Nik Whitfield, CEO, Panaseer, tells us how CISOs grappling with numerous disparate tools should consider automation tools to help make their lives easier.
CISOs are currently suffering with compliance reporting overload. This is because organisations are subject to three critical market forces, which are fundamentally changing the cybersecurity sector. The first is that cloud and IoT technologies are significantly expanding and changing the surface that requires monitoring. The second is that regulatory mandates, such as GDPR, the SHIELD Act and the California Consumer Privacy Act, are increasing reporting requirements. Lastly, there is a skills shortage and security personnel are becoming scarcer.
To counter this, budgets and tools are on the increase. Analyst firm IDC expects organisations’ worldwide spending on security hardware, software and services in 2019 to increase 9.4% increase over last year. Spending will continue to grow at a compound annual growth rate of 9.2%, IDC said, and will top US$133 billion in 2022.
Research we conducted last year unveiled that the average enterprise CISO is running 57 separate security tools. Over a quarter (27%) claimed to be running a staggering 76+ discrete security products. Also, in our experience, major regulated companies such are banks are running 200 tools and more, and that this number is increasing.
So, we have an increasing attack surface, increasing reporting requirements and a major skills shortage. That’s why CISOs and their teams are suffering the tooling overload. But is this effective? That’s what we wanted to investigate when we commissioned a report in July to Forrester Consulting. The findings outlined that CISOs have a misplaced confidence that the abundance of technology investments they have made has strengthened their security posture.
As the study cites: “Rightfully, companies are prioritising their security and risk initiatives and investing in multiple technologies. Unfortunately, technology investments have provided a false sense of confidence in their security posture. Security leaders must understand that a proactive approach to cybersecurity requires the right tools, not more tools.”
So where is the disconnect? The issue is that, currently, security leaders employ a variety of tools and technologies to identify risks and test the effectiveness of their security controls. As a result, security leaders are left with point-in-time assessments that require them to cobble together data from disparate systems to truly understand the organisation’s security posture. This approach is reactive, labour-intensive and insufficient in scale.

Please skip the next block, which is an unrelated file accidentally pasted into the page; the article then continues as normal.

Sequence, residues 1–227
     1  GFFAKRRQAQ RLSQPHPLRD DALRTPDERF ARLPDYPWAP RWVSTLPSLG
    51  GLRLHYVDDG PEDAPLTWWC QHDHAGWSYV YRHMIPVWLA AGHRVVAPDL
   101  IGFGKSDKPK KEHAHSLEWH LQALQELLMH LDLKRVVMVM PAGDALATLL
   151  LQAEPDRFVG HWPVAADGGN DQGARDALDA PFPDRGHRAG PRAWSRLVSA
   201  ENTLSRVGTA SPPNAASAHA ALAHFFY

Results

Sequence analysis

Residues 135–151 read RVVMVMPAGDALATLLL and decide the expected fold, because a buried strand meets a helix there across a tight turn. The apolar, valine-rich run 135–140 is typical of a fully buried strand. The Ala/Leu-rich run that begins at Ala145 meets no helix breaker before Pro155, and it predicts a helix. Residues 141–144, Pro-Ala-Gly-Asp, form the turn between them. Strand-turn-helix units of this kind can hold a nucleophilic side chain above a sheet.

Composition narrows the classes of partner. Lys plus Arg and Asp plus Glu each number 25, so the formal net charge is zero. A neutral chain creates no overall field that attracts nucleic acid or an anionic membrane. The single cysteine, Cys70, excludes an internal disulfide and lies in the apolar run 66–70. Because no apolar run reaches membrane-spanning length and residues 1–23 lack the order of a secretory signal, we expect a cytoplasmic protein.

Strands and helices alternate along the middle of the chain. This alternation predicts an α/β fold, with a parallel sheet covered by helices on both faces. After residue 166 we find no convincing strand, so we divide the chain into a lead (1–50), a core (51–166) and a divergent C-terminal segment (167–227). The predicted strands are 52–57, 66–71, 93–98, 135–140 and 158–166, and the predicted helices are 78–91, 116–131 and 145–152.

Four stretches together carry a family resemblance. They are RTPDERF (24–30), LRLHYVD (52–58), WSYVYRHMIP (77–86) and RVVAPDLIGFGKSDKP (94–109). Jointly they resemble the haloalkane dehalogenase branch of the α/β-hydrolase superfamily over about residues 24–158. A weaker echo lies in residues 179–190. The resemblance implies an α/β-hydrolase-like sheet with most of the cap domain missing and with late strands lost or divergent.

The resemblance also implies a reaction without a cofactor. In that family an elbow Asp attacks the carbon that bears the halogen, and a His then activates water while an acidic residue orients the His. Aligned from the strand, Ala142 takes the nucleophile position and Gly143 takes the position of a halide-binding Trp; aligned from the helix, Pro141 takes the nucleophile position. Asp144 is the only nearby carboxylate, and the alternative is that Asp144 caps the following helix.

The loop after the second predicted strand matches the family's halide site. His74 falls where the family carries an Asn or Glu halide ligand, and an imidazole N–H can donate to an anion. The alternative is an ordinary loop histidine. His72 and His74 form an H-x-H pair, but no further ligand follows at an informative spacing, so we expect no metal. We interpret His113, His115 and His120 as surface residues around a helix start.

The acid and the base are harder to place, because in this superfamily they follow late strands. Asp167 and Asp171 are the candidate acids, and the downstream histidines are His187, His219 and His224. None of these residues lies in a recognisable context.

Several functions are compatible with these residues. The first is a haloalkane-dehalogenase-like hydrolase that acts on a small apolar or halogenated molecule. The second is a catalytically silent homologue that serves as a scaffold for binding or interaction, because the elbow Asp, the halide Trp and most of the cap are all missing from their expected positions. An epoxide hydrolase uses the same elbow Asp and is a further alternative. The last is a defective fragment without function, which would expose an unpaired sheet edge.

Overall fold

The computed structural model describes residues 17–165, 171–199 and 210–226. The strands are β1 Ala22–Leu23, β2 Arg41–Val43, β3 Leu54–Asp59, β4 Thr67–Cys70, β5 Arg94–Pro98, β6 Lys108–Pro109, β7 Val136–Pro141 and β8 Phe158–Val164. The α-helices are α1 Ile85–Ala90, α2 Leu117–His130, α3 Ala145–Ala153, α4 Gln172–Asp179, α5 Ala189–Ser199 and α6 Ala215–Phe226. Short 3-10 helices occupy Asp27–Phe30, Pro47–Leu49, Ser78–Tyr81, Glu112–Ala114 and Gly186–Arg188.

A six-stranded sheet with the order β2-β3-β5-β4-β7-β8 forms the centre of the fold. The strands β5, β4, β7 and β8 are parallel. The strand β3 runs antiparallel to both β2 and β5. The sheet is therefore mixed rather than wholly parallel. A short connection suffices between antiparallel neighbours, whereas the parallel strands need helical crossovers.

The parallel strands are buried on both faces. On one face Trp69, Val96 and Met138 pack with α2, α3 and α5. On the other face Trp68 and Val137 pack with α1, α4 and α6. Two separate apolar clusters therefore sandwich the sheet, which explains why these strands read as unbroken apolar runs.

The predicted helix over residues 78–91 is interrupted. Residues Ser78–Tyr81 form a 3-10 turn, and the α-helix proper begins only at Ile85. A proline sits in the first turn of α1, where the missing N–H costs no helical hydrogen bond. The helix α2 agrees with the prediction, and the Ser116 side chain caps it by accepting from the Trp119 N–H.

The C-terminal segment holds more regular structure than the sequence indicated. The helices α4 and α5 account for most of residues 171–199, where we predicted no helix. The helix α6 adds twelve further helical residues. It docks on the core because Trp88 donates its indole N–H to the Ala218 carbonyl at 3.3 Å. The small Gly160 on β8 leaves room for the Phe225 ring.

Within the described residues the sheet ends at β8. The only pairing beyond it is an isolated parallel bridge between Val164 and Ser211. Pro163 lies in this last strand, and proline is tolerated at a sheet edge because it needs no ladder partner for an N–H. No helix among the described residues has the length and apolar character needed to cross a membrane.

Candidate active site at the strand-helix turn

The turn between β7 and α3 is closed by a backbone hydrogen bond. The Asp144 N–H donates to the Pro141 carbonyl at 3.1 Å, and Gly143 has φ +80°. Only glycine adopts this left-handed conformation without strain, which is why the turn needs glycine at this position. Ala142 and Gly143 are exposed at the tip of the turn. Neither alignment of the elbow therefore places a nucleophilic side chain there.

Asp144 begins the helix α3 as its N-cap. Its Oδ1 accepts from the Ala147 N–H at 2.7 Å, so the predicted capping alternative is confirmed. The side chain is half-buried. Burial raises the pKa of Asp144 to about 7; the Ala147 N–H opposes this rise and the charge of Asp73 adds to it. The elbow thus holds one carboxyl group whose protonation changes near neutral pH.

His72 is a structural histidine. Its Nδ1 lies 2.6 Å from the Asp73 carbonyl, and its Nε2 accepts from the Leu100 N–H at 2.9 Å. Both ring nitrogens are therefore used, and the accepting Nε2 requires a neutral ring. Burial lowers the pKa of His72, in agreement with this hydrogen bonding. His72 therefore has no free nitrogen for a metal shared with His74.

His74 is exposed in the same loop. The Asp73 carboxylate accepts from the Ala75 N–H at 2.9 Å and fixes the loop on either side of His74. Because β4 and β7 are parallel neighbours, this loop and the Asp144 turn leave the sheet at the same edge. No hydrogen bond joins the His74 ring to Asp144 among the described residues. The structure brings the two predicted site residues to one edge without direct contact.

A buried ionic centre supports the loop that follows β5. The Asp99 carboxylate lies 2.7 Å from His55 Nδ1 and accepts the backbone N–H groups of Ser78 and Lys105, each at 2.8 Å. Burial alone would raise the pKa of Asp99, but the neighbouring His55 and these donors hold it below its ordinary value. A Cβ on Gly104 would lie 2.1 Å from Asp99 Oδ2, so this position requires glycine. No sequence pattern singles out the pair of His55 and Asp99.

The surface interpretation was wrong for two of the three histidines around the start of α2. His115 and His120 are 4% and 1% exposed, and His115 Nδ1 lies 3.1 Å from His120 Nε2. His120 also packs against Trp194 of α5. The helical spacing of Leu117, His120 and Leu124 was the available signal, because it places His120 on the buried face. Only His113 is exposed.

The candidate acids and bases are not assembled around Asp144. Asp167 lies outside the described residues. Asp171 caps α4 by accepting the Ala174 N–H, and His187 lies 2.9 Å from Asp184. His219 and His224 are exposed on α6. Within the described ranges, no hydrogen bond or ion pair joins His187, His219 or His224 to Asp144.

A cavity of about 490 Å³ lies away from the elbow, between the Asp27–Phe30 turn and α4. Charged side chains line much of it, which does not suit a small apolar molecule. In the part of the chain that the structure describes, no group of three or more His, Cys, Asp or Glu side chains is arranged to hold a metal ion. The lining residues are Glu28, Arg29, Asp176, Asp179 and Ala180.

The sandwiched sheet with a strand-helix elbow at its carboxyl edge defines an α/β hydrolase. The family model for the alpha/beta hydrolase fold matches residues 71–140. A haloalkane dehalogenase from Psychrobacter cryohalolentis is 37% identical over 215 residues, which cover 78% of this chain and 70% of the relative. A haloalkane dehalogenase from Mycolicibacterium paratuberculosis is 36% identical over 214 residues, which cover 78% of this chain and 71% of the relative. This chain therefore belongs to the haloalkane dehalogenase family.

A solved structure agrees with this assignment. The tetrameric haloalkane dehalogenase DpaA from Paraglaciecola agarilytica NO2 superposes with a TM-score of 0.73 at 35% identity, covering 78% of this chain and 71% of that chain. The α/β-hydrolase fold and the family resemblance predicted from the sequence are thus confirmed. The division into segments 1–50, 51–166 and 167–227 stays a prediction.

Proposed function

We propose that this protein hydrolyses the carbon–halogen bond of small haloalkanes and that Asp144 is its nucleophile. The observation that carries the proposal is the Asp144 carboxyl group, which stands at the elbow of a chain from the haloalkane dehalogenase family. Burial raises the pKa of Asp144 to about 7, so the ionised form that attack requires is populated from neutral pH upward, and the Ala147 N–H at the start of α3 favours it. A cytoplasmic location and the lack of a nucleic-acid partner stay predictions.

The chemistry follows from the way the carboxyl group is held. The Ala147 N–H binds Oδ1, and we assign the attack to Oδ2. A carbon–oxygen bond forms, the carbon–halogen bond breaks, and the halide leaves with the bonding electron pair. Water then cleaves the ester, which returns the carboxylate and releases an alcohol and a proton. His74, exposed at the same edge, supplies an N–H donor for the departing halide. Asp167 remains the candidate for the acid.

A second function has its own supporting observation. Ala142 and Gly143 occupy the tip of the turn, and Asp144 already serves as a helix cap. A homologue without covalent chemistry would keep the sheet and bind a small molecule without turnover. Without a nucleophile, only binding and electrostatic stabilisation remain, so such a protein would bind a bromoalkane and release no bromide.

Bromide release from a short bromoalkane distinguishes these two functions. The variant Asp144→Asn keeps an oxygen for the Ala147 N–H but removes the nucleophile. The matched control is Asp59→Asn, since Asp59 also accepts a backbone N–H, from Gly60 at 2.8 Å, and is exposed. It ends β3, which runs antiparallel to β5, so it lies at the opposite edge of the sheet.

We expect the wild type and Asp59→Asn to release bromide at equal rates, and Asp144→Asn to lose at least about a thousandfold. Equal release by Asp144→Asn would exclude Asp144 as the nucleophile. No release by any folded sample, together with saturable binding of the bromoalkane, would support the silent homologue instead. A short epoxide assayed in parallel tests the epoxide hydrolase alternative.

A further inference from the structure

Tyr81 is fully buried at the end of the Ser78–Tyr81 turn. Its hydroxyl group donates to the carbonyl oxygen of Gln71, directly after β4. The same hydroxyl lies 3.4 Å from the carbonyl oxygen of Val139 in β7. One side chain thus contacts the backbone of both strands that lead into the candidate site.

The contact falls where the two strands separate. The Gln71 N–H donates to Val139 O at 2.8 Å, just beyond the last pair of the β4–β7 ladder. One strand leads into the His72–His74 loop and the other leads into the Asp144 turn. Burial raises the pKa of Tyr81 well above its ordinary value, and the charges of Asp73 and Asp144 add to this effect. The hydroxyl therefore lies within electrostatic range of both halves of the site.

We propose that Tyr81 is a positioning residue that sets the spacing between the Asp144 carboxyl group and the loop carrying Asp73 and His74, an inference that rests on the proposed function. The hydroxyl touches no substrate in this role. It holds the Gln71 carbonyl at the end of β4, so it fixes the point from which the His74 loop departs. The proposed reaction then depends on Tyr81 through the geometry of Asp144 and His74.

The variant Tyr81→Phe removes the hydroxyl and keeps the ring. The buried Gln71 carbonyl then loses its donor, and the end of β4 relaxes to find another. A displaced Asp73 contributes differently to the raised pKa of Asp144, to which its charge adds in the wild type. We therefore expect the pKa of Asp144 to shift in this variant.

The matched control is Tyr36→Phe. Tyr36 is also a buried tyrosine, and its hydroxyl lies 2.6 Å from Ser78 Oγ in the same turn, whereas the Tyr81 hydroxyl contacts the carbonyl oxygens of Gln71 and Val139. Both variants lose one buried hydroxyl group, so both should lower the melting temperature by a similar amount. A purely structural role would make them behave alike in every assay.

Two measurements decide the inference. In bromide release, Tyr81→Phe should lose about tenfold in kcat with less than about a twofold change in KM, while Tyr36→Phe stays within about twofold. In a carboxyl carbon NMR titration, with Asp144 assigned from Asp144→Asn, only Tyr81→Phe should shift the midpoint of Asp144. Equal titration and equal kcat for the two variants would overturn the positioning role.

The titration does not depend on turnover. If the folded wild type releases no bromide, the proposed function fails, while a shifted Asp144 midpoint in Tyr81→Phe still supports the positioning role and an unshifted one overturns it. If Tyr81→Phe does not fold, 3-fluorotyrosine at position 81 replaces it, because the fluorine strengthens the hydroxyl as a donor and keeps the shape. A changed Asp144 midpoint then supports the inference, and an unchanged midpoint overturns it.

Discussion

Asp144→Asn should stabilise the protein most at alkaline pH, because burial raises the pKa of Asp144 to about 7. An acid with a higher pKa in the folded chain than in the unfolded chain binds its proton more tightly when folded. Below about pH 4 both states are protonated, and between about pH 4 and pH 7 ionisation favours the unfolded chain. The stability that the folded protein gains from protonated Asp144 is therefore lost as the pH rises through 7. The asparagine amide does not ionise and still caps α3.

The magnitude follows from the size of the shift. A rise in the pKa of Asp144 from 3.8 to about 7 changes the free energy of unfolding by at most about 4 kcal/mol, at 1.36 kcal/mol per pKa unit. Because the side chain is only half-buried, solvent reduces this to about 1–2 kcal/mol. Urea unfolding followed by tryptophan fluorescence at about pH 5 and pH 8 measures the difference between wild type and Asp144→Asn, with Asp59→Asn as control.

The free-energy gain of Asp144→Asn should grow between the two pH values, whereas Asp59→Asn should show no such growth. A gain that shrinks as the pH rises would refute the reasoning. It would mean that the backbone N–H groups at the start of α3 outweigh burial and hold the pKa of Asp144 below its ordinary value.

This has led to a disparity between appearance and reality, whereby security decision makers are being given a false state of confidence. A total of 86% of security leaders surveyed by Forrester Consulting said that they are confident or very confident that they have no gaps in their security controls deployed across devices, applications, people, and data.
However, the complexity of today’s IT infrastructures and the heterogeneity of enterprise security tools make it difficult for security pros to protect their environments. In fact, 97% experience challenges with their tools because they take a traditional reactive approach to fighting cybersecurity threats.
When asked about the biggest challenges that they face with the security tools, the top responses include:
- Controlling coverage gaps across security functions (56%)
- Viewing a comprehensive list of assets across the organisation (43%)
- Collecting, normalising, aggregating, deduplicating and correlating disparate data (39%)
- Tracking which assets and controls do not meet regulatory and compliance policies (39%)
- Determining the effectiveness of security controls (38%)
- Getting a real-time view of corporate risks (37%)
- Tracking performance of security controls over time (37%)
As threat levels increase, 64% of security leaders surveyed said that they are making it a high or critical priority to implement a risk framework aligning cybersecurity risk and enterprise risk. However, the study identifies that one in five do not have a centralised approach for risk management.
The upshot is that we have so many security tools, we don’t know what they’re doing. Even worse, we’re burning cycles trying to work it out manually, increasingly driven by regulators. The answer is simple – automate the job.
The changing cyber market dynamics have created a clear market requirement for automated continuous controls monitoring, a new category of solution that provides real-time visibility of assets.
The ability to make informed operational security decisions based on trusted security data and metrics will enable security leaders to have real and validated confidence that the company and customer data is protected.